Under The Influence: Brett Barley

Most 22-year-olds thrive on irresponsibility and poor judgment. They live for nights of binge drinking and random encounters with the opposite sex. And Brett Barley is the same as those people, but only in age. He resides in a simple home on the grand sandbar called the Outer Banks of North Carolina, and his soft-spoken Southern drawl drips with kindness. He's got a sweetheart of a wife and a 5-month-old son who rarely cries. But is this quiet existence all a hoax? Brett does, after all, like to do large airs (when there are no deadly tunnels of ocean for him to ride inside). His dangerous crush on Pipeline reflects his life in the same way a Ke$ha song reflects intellectualism. So what's truth? Well, it seems that while Brett may have settled in, he's a long way from settling down. --Brendan Buckley --Brendan Buckley

Photo: Daniel Pullen

BRETT: I didn't go to Hawaii until I was 17. I had always assumed that it was more powerful there, and it is a little bit, but that's only because you're dealing with waves twice as big as what you get when it's big at home. If I grew up somewhere with softer waves, I feel like it would have been a lot more intimidating for me.

The first few times that I surfed big Pipe, I mostly just ate it and caught closeouts. But that helped with my confidence because I spent more time underwater than I did riding waves. You don't get a lot of opportunities to catch set waves out there, so when the time comes, you basically have to go. I'll just see a wave nobody is paddling for and be like, "Sick I can get this one." Then I take off and realize why nobody wanted it and get drilled.

Surfing here [in the Outer Banks] is a lot of work; you paddle a lot, take beatings and get swept down the beach. When it's big, the power and the rawness of the surf is crazy. And if you make a barrel on one of those days it feels just as good as making one anywhere else. And because the waves aren't good here all the time it makes it more special because you never get jaded. Surfing here is more rewarding than anywhere else in the world.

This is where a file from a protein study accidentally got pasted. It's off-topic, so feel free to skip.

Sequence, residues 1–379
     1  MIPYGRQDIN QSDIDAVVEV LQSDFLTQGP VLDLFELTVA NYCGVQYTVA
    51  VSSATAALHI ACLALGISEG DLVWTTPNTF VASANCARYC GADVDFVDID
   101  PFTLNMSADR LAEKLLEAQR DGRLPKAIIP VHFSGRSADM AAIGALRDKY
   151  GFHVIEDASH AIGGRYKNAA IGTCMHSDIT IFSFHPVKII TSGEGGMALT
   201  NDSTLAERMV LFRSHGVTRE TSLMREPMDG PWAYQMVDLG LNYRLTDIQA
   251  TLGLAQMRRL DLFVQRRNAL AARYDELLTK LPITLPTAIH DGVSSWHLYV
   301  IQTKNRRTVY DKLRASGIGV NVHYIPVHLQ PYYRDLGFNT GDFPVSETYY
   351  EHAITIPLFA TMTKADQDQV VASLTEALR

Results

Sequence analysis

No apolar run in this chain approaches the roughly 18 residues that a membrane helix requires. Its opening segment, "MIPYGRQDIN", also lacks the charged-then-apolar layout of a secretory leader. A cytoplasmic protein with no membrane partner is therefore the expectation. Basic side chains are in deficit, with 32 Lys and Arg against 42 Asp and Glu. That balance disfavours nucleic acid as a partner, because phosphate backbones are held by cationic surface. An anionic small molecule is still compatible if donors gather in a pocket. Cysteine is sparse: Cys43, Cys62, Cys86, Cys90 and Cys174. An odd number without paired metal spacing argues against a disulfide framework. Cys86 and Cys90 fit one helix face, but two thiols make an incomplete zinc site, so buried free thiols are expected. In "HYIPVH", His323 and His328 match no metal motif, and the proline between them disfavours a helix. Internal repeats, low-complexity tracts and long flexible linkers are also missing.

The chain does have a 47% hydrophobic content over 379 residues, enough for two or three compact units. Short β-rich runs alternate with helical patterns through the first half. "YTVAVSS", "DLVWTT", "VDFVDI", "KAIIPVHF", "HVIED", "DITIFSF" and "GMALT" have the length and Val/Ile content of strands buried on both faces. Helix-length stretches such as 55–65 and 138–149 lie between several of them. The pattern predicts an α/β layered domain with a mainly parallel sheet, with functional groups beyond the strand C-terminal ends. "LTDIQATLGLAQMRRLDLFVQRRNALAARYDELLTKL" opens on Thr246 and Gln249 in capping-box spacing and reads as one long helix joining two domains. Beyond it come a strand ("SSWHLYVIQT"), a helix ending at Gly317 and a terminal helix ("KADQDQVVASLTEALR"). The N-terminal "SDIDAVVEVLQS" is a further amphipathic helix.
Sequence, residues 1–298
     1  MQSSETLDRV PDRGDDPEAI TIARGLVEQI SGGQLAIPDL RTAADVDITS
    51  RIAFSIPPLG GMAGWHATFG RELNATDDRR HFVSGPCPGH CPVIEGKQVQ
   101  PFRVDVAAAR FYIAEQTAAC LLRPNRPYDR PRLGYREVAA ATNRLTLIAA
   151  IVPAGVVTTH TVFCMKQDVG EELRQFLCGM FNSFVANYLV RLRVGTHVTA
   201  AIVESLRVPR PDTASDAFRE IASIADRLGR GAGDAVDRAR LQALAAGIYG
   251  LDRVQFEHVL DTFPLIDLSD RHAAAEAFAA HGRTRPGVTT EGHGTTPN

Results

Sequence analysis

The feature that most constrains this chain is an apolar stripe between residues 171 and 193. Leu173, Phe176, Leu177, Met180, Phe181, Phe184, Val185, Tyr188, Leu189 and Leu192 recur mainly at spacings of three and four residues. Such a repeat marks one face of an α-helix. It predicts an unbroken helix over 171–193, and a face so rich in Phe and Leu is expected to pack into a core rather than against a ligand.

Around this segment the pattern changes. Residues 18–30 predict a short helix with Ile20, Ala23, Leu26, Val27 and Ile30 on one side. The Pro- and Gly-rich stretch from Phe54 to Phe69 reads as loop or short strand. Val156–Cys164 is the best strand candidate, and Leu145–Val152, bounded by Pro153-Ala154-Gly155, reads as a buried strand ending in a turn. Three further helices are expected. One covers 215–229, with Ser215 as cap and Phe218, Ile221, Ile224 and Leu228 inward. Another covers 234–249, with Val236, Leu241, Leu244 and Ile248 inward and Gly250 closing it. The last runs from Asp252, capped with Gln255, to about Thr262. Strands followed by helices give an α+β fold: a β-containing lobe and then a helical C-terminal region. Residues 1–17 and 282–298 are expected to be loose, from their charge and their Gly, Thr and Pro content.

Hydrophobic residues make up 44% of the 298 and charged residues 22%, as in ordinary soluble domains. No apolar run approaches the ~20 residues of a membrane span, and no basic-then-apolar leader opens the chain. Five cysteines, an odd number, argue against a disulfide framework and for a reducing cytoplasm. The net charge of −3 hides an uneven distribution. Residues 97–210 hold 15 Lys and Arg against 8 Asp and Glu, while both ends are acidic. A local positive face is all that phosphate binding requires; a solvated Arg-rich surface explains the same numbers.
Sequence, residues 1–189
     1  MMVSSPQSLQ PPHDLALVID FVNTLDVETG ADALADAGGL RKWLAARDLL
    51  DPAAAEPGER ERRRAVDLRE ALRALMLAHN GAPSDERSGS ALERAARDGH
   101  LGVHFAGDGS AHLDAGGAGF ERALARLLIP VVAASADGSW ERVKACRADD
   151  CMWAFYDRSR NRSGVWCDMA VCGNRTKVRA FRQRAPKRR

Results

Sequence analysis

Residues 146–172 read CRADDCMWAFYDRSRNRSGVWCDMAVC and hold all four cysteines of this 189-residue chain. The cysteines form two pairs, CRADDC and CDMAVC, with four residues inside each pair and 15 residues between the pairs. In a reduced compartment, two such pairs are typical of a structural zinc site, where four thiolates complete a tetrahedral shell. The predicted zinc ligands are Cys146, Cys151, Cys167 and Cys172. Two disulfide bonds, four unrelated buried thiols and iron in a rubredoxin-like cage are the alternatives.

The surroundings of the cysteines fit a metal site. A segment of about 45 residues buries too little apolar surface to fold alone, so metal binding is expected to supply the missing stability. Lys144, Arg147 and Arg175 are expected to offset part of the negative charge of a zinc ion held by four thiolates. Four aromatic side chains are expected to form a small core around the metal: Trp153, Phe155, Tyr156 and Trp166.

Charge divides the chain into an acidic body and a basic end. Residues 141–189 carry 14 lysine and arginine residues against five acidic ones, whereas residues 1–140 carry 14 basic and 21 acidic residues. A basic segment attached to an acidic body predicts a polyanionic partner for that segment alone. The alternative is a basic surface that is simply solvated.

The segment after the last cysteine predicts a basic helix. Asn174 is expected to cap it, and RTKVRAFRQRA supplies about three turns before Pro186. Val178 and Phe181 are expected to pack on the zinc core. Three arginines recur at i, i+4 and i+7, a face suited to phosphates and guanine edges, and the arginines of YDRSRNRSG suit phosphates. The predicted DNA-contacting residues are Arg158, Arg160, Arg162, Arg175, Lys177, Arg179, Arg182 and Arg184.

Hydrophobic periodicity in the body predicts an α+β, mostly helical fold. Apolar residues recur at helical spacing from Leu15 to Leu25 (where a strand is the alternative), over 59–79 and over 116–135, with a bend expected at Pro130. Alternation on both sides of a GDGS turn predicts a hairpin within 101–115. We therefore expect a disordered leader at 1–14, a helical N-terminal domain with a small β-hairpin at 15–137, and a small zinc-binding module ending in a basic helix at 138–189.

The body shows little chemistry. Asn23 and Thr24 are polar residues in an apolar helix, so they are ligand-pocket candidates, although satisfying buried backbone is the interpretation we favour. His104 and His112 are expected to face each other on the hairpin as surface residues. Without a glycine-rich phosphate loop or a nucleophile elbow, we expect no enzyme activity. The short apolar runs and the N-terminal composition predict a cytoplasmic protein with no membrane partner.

I used to like bigger waves more, but now I have just as much fun when it's head-high with air wind. I love messing around with airs and trying to figure them out. It's a good way to progress your surfing when the waves aren't big. It feels good not to be confined to one set of conditions.

Growing up in a small town is great because you get to know everybody. When I graduated high school I knew every single person in my class because there were only about 50 of us. It was positive for me to socialize with a ton of other people that weren't just surfers.

I've known my wife, Casey, since I was 13 and fell for her when I was 16. I pursued her and we started dating when we were 18, and then we got married a year later and now have a little boy. When Casey was in labor, we were sitting there anxiously, thinking about how this was the last time it would be just us. But right after he was born, we couldn't have imagined it being any better or any different. Now, we can't even remember what it was like not having him around.

Having [my son] Masen has been different from anything that I've ever experienced. He's a whole new light of joy in my life and we're so blessed that he's a happy little boy. We flew to our friend's wedding in Kansas last weekend and he only cried for the last 10 minutes of the final flight home. We were really worried about that, so it's awesome to know that he's good with traveling, because he'll be getting a lot of it.